Do you know one of the most common phrases employees use? Well, let me share it with you; it’s
“yeah, sure, no problem”.
This overused phrase contributes to employees entering and then downing in that bottomless pit of “overwhelm”. Ultimately leads to burnout and career frustration. This is why setting effective boundaries is a MUST for your general well-being and definitely for your career development.
The ability to set boundaries is not restricted to work alone; it is a life skill that should be in place in both your professional and personal life. But for this blog, we will be focusing on setting boundaries at work. However, it can quickly be adopted into your personal life once you acquire the skill.
In this blog, I’ll explain why setting effective boundaries is essential, how you can effectively set boundaries, and leave you with three practicable suggestions if setting boundaries has proved difficult in the past or you are new to the concept.
What are Boundaries, and Why Do They Matter?
Psychology Today; defines Boundaries as: “the limits we set with other people, which indicate what we find acceptable and unacceptable in their behaviour towards us.”
Defining what you believe to be acceptable/unacceptable behaviour is the catalyst for identifying when crossing a line. If you do not know how to react immediately, recognising that a line is crossed is the first step.
Think about being asked to do something, or it could be how you were asked that you found unacceptable. How did this affect how you carried out the task or even possibly responded to the situation?
Setting and communicating boundaries enables you to maintain control of the situation by articulating what you can and can’t do. In so doing, you prevent frustration, stress-balls formulating and eventually exploding.
How to Set Effective Boundaries
I. Define what you find acceptable and unacceptable.
The definition exercise can be as simple as writing them out – I find there is always something about putting pen to paper that gets it out of your head and drives you closer to action.
Asked to work on a project and was given notice that it would require a few late nights for that week.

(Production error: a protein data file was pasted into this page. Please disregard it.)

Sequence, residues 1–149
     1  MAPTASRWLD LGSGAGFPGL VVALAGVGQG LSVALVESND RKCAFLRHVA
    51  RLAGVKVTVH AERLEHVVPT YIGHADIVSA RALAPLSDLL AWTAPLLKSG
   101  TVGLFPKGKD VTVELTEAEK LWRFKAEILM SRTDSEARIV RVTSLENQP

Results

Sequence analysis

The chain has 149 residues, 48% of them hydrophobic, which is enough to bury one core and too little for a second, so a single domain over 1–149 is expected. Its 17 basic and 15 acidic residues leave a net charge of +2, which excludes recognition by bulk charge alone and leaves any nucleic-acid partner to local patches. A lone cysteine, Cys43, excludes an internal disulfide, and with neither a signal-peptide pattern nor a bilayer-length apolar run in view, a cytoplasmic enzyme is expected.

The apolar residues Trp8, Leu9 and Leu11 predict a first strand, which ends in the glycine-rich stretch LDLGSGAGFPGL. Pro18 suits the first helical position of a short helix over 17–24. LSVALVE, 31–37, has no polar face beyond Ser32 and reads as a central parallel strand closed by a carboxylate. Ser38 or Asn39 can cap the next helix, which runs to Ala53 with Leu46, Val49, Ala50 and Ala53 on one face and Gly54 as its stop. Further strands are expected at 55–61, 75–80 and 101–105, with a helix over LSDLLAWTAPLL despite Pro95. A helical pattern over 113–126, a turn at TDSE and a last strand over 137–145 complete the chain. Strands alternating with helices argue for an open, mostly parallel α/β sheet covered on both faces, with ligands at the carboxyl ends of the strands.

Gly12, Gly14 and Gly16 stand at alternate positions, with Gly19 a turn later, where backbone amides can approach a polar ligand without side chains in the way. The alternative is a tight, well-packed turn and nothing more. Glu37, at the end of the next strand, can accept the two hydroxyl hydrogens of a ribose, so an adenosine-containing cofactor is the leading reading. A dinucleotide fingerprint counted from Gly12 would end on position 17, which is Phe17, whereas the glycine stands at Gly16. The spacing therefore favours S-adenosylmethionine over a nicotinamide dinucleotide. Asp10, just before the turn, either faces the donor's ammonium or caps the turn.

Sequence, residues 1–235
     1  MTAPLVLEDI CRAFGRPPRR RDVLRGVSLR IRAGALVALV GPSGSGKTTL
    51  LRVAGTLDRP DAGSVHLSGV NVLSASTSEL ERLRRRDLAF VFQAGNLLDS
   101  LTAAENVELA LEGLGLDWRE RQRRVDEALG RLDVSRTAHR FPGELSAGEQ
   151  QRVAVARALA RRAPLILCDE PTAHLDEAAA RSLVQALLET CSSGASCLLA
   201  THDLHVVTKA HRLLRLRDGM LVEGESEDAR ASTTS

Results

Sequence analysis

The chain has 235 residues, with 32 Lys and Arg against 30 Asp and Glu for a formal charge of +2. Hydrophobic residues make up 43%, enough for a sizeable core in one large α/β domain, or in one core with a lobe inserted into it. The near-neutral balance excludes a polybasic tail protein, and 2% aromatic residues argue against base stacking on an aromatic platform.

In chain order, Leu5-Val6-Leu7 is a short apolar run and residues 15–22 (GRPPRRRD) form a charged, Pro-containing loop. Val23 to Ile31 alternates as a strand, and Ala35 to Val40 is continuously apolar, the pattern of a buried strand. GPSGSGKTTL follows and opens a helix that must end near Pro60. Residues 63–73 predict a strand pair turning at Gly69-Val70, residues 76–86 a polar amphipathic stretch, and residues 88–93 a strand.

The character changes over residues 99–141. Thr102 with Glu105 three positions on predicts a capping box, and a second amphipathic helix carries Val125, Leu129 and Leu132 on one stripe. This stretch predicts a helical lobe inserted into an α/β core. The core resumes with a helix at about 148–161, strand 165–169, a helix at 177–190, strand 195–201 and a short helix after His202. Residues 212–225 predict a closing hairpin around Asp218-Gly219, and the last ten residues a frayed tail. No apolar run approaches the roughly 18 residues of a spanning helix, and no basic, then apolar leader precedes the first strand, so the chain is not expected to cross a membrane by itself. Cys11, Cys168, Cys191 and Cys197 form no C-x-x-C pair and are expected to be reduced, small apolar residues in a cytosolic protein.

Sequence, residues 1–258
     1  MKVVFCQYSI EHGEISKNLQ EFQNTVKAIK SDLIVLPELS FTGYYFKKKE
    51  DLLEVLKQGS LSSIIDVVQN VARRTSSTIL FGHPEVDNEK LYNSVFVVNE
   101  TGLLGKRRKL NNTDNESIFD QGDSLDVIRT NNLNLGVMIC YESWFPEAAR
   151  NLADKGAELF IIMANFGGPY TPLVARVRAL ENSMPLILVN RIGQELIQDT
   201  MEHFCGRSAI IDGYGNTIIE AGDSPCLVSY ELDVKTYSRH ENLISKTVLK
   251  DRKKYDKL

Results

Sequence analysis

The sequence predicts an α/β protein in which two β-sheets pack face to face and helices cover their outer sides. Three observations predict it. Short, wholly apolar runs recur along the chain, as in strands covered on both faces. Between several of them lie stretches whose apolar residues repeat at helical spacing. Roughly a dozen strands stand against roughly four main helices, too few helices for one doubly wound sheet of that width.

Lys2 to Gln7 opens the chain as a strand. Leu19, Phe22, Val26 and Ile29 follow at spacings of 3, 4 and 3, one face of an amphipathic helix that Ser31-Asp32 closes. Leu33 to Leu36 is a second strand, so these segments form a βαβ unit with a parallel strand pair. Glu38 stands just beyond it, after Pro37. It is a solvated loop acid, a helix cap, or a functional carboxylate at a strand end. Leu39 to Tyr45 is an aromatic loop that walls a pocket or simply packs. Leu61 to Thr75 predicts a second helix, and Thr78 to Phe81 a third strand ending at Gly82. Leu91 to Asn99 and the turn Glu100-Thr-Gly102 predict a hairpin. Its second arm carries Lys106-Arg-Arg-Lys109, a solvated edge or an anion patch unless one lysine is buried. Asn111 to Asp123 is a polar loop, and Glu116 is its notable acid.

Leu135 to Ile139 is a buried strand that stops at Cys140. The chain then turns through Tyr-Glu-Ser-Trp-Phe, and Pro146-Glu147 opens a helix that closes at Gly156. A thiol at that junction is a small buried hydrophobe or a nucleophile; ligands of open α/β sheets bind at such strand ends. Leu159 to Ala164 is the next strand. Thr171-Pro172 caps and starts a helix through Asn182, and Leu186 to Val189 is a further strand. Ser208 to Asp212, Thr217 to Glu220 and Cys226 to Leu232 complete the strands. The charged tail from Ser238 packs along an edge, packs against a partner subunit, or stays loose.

On Friday, your manager told you to work on a RED RAG-rated project (i.e. a project that has been continuously severely behind schedule), meaning working all weekends with immediate effect.
A colleague shares an idea that originated from a conversation you had with them at a team meeting but gives you credit as the idea originator.
A colleague passes your idea off as their own at a team meeting and, as you interject, shuts you down.
Once you have defined your boundaries (and don’t worry, this is just a start for 10, feel free to add it as and when you need to), identify what boundary has been crossed and how it made you think; remember to keep it about YOU.
II Communicate your Boundaries
Once a boundary is crossed, clearly communicate your limits and the desired resolution. Again remember to keep the focus on YOU. Setting boundaries is about maintaining your well-being.
Let’s take the first example from the acceptable/unacceptable table. Understandably very few people would be happy with the unacceptable example provided, but instead of becoming frustrated and resenting the fact that you are being forced to give up your weekends with no notice; you could communicate your boundaries as follows:
“I will need sufficient notice for changes to my working hours, such as one week or at a minimum 72 hours.”
You don’t need to over-communicate your response. Otherwise, it appears you are seeking approval or trying to justify your boundaries instead of simply saying “No” to something that you are not comfortable with.
“Say ‘no’ simply but firmly to something you do not want to do. Do not feel that you need to explain” (Kairns, 1992).
The reason for communicating your boundaries is to gain a sense of control over a situation that you find unacceptable. Period.
III Stick to your Boundaries
There is bound to be pushback, especially the first time you express your boundaries, but it is essential to stick by them. Remember why you set them in the first instance, and use that as your North Star to guide you back to your boundaries.
Start recognising when people are approaching your limit and step in to exercise/communicate your boundaries. You don’t have to wait till they have jumped into boundary territory before sharing.
If you can see they are about to enter “choppy waters”, stop them there and communicate your boundaries.
The key objective of creating and maintaining boundaries is not about changing other people’s behaviour.
It is about changing YOURS.
Practice Makes Perfect
Setting and sticking to boundaries is not always easy, but practice makes perfect. So here’s what I would love for you to do ??
Create your acceptable and unacceptable table.
Define your boundary.
Perhaps, write down your boundary response in an extra column of the table.
When that boundary is crossed – COMMUNICATE your response.